Magazine article Science News

Herbal Agent Limits Alcohol Absorption

Magazine article Science News

Herbal Agent Limits Alcohol Absorption

Article excerpt

A traditional Chinese herbal medicine, long rumored to squelch alcohol's intoxicating effects, appears to live up to its thousand-year-old reputation.

Masayuki Yoshikawa, a chemist at Japan's Kyoto Pharmaceutical University, reports that extracts from several Chinese plants and trees, when consumed by rats in the laboratory, indeed curb the absorption of ethanol.

By chemically separating components of the plant extracts, Yoshikawa's team identified the active ingredients as triterpene oligoglycosides, members of a class of sugar derivatives called saponins that have a tendency to produce soapy lathers.

Saponins appear in a variety of plants, particularly in the barks and roots of the Japanese angelica tree, the ovary of the soapnut tree, and the seeds of horse chestnuts and camellias.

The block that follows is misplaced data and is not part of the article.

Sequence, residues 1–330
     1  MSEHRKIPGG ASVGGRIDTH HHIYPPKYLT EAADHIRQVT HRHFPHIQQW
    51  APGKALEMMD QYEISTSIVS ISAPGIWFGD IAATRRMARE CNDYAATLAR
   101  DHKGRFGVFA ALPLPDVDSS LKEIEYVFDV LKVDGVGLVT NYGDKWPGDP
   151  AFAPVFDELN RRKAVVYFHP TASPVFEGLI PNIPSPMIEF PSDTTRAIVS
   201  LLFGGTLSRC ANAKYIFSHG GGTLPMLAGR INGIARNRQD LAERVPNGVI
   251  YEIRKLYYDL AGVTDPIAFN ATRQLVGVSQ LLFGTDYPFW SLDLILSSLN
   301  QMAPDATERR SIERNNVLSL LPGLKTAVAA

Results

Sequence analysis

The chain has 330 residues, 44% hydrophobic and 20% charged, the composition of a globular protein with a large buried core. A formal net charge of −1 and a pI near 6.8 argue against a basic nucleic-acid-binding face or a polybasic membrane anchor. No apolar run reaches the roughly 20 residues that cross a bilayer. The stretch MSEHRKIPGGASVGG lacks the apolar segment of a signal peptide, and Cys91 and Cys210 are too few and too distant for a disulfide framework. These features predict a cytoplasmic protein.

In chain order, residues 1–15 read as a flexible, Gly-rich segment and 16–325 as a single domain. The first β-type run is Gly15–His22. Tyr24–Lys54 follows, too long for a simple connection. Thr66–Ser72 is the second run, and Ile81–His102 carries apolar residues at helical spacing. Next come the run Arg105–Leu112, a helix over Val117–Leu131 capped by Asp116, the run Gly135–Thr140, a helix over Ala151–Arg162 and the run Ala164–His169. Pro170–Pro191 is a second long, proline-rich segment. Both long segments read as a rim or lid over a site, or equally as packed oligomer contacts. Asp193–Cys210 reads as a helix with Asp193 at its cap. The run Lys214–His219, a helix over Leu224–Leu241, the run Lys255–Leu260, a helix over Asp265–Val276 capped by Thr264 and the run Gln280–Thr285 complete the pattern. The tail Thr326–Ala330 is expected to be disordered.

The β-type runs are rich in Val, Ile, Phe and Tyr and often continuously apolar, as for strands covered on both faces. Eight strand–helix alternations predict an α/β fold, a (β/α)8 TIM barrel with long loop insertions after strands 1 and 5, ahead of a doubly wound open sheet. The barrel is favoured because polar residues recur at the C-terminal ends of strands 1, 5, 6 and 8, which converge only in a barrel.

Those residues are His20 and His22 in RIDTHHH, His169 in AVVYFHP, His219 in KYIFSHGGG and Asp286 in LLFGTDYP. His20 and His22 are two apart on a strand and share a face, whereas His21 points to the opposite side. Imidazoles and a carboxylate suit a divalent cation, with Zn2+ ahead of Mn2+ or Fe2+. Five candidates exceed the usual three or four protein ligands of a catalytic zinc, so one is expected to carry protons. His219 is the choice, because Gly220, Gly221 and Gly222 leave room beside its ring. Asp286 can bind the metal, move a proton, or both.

Traditional Chinese and Japanese doctors use angelica root and bark to treat arthritis and diabetes, saving its decorative shoots as a culinary garnish. Horse chestnut extracts possess antiinflammatory properties, while soapnut derivatives yield an expectorant.

Yoshikawa and his colleagues prepared extracts from these plants and fed solutions containing different concentrations to rats. Then the researchers served the animals water spiked with as much as 20 percent ethanol, and monitored their blood-alcohol concentrations over the next several hours.

The saponins inhibited absorption of alcohol. The best extracts--from angelica bark--lowered the animal's blood alcohol levels by as much as one fifth in comparison to unmedicated animals, Yoshikawa reported this week in Chicago at a meeting of the American Chemical Society. …

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